The higher a person’s immunity to dengue virus, the lower their risk of Zika infection, an international team of scientists led by the University of Pittsburgh Graduate School of Public Health, Yale School of Public Health and University of Florida report today in the journal Science.
The study – which followed nearly 1,500 people living in a poor neighborhood at the heart of the 2015 Zika outbreak in Brazil – also provides evidence that Brazil’s Zika epidemic has largely petered out because enough people acquired immunity to reduce the efficiency of transmission.
“Take that with a grain of salt, though,” said co-senior author Ernesto T.A. Marques, M.D., Ph.D., associate professor in Pitt Public Health’s Department of Infectious Diseases and Microbiology and public health researcher at Fundação Oswaldo Cruz in Brazil. “Our study was in a very small urban area, and it is likely that in other parts of Brazil, even different neighborhoods within the same city, people are still susceptible to Zika infection.”
The discovery relied on tests for dengue and Zika developed by Marques and his team and patented by Pitt. Marques is scientific director of Cura Zika, an international alliance to spur research into Zika, microcephaly and other congenital conditions it causes in babies.
The research team tapped into a long-running study of the health of people living in urban slums in Salvador, a city in northeast Brazil, led by co-senior author Albert Ko, M.D., chair of epidemiology at the Yale School of Public Health. Study participants gave multiple blood samples before, during and after the Zika epidemic. Samples collected in October 2014 and March 2015 were almost entirely negative for Zika, but by October 2015, 63 percent showed evidence of Zika infection.
Before the Zika outbreak, a subset of 642 participants also had been tested for previous dengue infection, and 86 percent were positive. Specifically, the test assessed the level of antibodies the participants had in their blood against dengue. The team found that each doubling of dengue antibody levels corresponded to a 9 percent reduction in risk of Zika.
“This means that there are some cross-protective antibodies that dengue provides against Zika,” said Marques. “Future study may be warranted to assess whether the new dengue vaccines could be useful in preventing Zika infection.”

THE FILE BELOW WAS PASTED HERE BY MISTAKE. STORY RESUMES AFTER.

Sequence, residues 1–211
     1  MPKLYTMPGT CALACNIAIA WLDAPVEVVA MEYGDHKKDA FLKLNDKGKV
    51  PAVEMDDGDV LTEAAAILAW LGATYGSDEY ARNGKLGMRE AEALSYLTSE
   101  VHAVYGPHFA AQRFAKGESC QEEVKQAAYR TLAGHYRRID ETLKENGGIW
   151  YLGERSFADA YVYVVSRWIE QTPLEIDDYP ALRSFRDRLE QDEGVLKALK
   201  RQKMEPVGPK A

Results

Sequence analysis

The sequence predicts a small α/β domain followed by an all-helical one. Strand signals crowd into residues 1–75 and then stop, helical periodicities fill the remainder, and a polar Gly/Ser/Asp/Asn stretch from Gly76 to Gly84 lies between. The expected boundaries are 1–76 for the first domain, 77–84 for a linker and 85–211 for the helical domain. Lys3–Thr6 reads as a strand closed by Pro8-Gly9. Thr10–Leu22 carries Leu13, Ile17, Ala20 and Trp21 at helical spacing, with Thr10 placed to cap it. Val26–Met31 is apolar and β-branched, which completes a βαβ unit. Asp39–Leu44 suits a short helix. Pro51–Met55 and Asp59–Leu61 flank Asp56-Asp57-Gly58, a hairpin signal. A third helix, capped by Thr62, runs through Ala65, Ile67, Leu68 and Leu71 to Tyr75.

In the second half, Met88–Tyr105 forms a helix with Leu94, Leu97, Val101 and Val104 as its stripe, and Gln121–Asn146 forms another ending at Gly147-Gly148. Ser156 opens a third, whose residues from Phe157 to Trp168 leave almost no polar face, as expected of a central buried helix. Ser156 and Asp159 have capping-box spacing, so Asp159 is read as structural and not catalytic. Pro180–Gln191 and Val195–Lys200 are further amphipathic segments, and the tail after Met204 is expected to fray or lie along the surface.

Paradoxically, computational models by co-senior author Derek A.T. Cummings, Ph.D., professor of biology at the University of Florida, revealed that participants who had a very recent dengue infection were actually more susceptible to Zika.
The scientists suspect several possible explanations: It could be that protective antibodies haven’t developed yet or there’s something about these people’s immune systems that increases their risk of contracting Zika. And the mosquitoes that transmit dengue also transmit Zika, so a recent dengue infection could simply mean they are in a place where Zika transmission is active as well.
Additional study also is needed to determine how these findings could prove useful to clinicians, Marques said.
Developing reliable, commercially available tests for women of child-bearing age to assess their previous dengue and Zika exposure is of immediate concern, along with evaluating recommendations so clinicians know what to do with that information, noted Marques. Testing could help clinicians determine whether vaccinating women against dengue could help protect them from Zika during pregnancy. It also would give a baseline, so obstetricians would know how closely to monitor a pregnant woman’s fetus for microcephaly, based on her susceptibility to Zika.
Ongoing studies also are following babies born to women who contracted Zika during pregnancy to assess the effect of the mother’s immunity to dengue on the degree of Zika-related congenital conditions in the babies.